Warren Buffet (American business magnate, investor and philanthropist)
Understanding how to create loyal customers so you can retain them is one of the most important things for any business, not just utility customers. Retaining your customers is low-hanging fruit, but the majority of businesses still focus on customer acquisition rather than retention even though it can cost 7 times more acquire new customers.
And the recent report from Ofgem on Utility company customer service performance is shocking with a flood of complaints leaving some of the big utility companies hot under the collar.
One of the worst findings highlighted that household customers had to contact their suppliers an average of six times before their complaints were resolved. Furthermore, in almost half of cases where the supplier considered the case resolved, the customer did not.
In the past, contact centres focused their agent success metrics on lowering average call handling times (AHT), however growing discussions point that this measurement leaves too many customer issues unresolved.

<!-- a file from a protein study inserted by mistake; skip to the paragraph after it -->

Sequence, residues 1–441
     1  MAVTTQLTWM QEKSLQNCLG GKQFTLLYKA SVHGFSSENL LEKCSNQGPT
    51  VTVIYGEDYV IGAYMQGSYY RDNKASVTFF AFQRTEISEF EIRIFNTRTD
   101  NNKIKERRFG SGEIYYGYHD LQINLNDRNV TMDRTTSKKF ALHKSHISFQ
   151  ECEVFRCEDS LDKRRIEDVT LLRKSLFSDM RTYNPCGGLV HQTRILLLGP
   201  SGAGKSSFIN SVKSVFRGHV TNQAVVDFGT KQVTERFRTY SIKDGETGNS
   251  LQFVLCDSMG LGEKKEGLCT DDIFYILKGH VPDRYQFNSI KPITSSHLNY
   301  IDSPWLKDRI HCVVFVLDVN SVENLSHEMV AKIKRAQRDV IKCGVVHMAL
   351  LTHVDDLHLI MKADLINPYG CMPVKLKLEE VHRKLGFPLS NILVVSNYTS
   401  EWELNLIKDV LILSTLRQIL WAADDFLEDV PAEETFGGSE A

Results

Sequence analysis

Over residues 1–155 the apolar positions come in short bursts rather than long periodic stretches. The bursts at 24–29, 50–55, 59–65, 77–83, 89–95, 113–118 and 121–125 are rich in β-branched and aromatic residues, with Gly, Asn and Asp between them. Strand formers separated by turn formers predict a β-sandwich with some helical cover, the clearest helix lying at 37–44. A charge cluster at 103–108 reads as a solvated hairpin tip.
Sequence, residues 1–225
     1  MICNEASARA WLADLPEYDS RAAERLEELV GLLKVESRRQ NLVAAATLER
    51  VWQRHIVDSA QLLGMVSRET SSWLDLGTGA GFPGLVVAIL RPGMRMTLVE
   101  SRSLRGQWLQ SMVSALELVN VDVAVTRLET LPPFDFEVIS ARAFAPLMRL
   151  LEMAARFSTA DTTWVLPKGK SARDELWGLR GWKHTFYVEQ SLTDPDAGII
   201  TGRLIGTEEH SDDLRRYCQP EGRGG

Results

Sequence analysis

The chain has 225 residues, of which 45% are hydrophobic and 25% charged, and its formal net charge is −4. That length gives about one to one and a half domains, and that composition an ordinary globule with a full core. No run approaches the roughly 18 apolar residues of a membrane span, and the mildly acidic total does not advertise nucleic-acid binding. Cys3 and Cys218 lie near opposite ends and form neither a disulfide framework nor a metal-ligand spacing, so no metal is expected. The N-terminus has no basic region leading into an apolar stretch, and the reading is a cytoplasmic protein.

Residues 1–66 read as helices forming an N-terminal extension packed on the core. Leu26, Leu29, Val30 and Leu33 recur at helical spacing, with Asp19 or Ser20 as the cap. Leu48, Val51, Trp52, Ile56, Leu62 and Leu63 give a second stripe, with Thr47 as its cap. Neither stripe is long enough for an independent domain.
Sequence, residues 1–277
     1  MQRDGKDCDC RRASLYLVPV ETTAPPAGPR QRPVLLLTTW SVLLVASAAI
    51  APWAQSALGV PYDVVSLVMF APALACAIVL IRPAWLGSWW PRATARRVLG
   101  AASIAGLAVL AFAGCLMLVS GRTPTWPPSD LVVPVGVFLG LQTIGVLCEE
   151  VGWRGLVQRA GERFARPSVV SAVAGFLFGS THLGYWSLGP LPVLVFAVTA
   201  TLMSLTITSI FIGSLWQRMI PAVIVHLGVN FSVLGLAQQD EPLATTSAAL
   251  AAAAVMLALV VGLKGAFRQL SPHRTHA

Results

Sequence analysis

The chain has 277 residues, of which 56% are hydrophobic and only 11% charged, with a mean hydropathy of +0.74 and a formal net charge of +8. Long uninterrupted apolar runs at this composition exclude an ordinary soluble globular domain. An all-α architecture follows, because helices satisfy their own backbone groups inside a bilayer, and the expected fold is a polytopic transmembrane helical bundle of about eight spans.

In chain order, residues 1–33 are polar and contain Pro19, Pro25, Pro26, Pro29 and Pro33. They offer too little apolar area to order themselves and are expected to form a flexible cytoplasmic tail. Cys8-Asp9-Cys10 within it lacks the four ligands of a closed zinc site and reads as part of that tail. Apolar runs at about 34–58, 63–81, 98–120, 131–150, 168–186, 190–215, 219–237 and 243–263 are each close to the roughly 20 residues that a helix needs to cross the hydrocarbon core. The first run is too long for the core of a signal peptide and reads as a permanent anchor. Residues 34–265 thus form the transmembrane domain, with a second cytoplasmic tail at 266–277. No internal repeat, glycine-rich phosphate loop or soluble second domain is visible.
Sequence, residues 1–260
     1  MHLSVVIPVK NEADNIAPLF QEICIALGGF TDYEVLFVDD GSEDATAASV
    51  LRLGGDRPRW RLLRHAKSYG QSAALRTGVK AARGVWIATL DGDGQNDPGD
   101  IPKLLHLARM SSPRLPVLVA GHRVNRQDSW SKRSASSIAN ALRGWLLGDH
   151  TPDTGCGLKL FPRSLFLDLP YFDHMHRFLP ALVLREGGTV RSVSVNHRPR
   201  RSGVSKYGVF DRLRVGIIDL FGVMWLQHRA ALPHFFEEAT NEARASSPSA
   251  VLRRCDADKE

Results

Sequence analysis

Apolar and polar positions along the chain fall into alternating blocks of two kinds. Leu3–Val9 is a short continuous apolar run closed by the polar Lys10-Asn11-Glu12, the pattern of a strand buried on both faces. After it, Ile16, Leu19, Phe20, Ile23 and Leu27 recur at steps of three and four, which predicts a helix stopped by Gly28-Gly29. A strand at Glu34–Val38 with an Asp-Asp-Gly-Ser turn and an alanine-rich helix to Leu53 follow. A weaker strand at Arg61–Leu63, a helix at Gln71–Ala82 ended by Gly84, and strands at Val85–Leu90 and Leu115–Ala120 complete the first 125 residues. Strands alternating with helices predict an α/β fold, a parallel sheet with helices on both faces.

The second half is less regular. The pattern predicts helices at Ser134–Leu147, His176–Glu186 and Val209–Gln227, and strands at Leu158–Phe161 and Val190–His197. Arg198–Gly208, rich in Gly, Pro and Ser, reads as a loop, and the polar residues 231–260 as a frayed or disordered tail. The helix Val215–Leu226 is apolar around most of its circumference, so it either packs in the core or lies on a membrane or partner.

Customers want ‘first contact’ resolution, which is why customer service strategies need to be developed across multiple channels and not just focus on average call handling times.
But with a rise in many businesses providing alternative contact channels to their customers, why are their contact centres still flooding with phone calls?
A lack of consistency and continuity across engagement channels seem to be the main culprit. Multiple contact channels not feeding into the same knowledge-base can stump ‘first contact’ resolution. And without the right technology in place to support customer service delivery, businesses will continue to fail, to meet or exceed their customer’s expectations. Having a well implemented customer service strategy with a centralised knowledge-base at its core, is key to meeting the following challenges facing companies especially within the utility sector.Turning up the heat on your customer service strategy
It makes sense to give customers the opportunity to self-serve answers to the most commonly asked questions themselves online, to allow contact centre agents to deal with more complex issues. And with more than 40% of online adults being multi-device users and over 70% of the UK population now owning a smartphone, customers are increasingly turning to online channels to contact an organisation to resolve a customer service issue.Why not visit the download section on our website where we can offer insight for developing your customer service strategy such as: